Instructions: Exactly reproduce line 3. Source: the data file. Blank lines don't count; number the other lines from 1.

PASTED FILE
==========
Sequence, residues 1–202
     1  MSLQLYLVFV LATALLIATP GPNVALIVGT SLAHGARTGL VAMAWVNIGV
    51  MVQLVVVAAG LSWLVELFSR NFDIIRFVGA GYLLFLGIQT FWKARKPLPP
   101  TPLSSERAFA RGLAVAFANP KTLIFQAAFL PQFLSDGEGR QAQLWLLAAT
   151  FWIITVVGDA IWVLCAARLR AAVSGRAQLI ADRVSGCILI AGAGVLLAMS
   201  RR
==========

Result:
    51  MVQLVVVAAG LSWLVELFSR NFDIIRFVGA GYLLFLGIQT FWKARKPLPP